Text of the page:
Effectiveness of Social Work and Social Welfare Services
We study and develop the effectiveness of social work, social welfare services, and integrated social welfare and health care services. Analysing the fundamental causes of social problems and the effectiveness of social reforms and service processes lies at the core of our research. We also develop concepts and methodology for effectiveness research addressing social welfare services and integrated care.
We study social work targeting children, adolescents and families. We analyse the effectiveness of different sectors and practices of child welfare, with a particular focus on the related critical factors and processes. Our research is applied research inspired by practice. The objective is to analyse the knowledge base relating to routine child welfare services and to develop evidence-based social work.
Home care for older people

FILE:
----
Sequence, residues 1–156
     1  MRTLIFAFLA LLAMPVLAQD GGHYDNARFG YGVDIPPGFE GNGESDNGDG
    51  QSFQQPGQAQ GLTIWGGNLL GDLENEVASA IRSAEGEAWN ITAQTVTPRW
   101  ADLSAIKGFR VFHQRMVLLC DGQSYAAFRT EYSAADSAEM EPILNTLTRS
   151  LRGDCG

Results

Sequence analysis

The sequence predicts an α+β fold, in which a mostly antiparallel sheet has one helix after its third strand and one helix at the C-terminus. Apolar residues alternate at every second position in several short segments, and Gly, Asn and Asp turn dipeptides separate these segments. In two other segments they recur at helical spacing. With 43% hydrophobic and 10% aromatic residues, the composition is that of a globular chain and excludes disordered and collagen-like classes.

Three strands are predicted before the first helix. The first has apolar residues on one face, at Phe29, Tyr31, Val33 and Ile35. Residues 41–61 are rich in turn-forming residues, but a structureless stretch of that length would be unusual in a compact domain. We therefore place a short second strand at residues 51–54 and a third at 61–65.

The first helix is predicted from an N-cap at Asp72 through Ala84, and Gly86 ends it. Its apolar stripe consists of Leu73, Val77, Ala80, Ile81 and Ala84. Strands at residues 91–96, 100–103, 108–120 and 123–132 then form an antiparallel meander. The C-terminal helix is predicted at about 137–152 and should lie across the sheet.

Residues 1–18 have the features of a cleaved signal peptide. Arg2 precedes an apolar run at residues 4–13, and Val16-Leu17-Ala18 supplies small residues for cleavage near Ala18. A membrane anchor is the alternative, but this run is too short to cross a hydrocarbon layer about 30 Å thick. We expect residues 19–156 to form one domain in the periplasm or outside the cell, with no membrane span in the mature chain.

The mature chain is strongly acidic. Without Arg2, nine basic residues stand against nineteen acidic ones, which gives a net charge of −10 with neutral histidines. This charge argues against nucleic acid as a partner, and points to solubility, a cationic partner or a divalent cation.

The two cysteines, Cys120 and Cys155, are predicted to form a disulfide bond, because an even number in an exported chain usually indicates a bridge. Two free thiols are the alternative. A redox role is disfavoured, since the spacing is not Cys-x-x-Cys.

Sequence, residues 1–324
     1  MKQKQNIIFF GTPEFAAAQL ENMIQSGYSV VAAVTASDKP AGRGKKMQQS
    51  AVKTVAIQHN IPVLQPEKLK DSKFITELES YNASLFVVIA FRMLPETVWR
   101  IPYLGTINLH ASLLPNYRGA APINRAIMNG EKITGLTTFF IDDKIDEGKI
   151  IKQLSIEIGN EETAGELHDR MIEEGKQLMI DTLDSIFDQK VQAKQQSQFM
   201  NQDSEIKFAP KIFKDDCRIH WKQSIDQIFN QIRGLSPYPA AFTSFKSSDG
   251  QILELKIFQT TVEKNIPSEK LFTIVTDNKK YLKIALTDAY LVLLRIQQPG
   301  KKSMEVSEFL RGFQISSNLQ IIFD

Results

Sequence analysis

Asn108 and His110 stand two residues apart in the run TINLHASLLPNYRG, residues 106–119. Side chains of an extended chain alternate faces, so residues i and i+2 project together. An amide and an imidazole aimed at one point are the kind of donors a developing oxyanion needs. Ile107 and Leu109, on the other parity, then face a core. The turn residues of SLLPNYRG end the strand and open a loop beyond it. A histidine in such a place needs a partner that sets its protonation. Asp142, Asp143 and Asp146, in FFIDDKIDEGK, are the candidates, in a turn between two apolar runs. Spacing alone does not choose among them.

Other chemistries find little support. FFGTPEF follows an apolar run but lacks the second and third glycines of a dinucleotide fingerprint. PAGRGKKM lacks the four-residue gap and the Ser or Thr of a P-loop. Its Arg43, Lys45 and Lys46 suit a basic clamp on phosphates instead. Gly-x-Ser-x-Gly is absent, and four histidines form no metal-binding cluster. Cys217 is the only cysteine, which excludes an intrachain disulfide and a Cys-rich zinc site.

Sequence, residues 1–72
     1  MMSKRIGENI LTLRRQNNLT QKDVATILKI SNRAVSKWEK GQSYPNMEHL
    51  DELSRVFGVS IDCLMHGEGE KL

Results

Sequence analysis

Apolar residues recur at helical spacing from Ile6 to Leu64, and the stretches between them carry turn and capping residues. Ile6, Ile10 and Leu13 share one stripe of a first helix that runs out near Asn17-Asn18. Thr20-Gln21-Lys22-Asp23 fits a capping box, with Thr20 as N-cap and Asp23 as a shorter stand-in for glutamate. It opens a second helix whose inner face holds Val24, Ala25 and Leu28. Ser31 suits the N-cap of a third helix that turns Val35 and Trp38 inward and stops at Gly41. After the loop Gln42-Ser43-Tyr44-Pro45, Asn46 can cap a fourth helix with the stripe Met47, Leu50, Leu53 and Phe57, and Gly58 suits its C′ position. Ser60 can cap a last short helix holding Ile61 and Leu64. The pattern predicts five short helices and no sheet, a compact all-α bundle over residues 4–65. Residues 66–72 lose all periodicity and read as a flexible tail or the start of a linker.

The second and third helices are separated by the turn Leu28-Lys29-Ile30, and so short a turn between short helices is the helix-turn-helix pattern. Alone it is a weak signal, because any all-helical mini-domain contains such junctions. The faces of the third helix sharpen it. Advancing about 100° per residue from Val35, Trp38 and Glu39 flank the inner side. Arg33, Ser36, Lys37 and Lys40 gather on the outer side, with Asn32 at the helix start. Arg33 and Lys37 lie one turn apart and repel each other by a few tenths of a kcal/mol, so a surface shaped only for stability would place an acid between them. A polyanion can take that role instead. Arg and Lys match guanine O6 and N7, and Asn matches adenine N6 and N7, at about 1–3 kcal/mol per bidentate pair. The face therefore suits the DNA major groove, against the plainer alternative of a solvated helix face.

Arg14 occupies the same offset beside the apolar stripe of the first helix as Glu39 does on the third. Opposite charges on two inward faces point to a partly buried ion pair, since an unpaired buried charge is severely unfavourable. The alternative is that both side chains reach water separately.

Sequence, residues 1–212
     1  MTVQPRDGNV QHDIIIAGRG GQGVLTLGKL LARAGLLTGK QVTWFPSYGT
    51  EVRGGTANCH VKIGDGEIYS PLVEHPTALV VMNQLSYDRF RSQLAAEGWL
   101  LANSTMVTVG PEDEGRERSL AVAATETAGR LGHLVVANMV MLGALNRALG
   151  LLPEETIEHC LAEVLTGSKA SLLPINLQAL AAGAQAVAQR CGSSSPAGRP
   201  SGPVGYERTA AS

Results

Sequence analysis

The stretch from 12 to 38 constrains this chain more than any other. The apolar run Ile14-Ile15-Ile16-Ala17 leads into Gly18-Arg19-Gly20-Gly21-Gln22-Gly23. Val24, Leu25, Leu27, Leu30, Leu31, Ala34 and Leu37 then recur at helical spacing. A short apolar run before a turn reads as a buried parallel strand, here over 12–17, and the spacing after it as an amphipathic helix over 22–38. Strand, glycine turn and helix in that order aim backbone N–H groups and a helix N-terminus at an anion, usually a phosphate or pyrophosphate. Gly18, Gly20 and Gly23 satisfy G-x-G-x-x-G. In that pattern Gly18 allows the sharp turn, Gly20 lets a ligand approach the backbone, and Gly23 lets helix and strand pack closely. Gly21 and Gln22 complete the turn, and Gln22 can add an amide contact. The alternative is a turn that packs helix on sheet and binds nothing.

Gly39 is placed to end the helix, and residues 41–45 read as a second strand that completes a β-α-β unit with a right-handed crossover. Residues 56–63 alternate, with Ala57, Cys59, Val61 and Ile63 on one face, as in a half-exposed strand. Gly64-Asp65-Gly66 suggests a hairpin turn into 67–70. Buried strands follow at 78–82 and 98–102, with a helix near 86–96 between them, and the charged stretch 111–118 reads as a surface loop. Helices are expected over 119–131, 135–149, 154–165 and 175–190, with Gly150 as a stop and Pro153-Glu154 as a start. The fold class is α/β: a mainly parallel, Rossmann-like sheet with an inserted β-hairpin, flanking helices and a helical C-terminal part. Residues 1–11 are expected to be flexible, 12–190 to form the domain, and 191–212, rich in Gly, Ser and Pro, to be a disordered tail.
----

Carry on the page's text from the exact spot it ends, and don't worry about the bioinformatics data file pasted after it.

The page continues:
We study and compare the quality, effectiveness and efficacy of home care of older people.
EXCELC (Exploring Comparative Effectiveness and efficiency in Long-term care) Research Project compares the effectiveness and efficiency of non-institutional LTC (e.g. home care) for older adults and their informal carers in Austria, England and Finland.
Case management for older people
As part of the PROMEQ Research Project, we develop group-based case management for older people and study its effects on their well-being and health.
Social work with immigrants
Social work with immigrants focuses on the effectiveness of community based services, professional practices and government policies in achieving equable and inclusive outcomes for immigrant groups, while use of participatory methodologies a priority.
PROMEQ (Inclusive Promotion of Health and Wellbeing) Research Project develops and demonstrates novel models of promotion of health and wellbeing that are able to talk to and assimilate vulnerable groups and motivate and empower positive transitions in their health and wellbeing. Four groups are selected for interventions: young people (NEET’s, i.e. not in education, not in employment, not in training), persons receiving basic unemployment benefit, adult refugees, and multi-users of social and health care.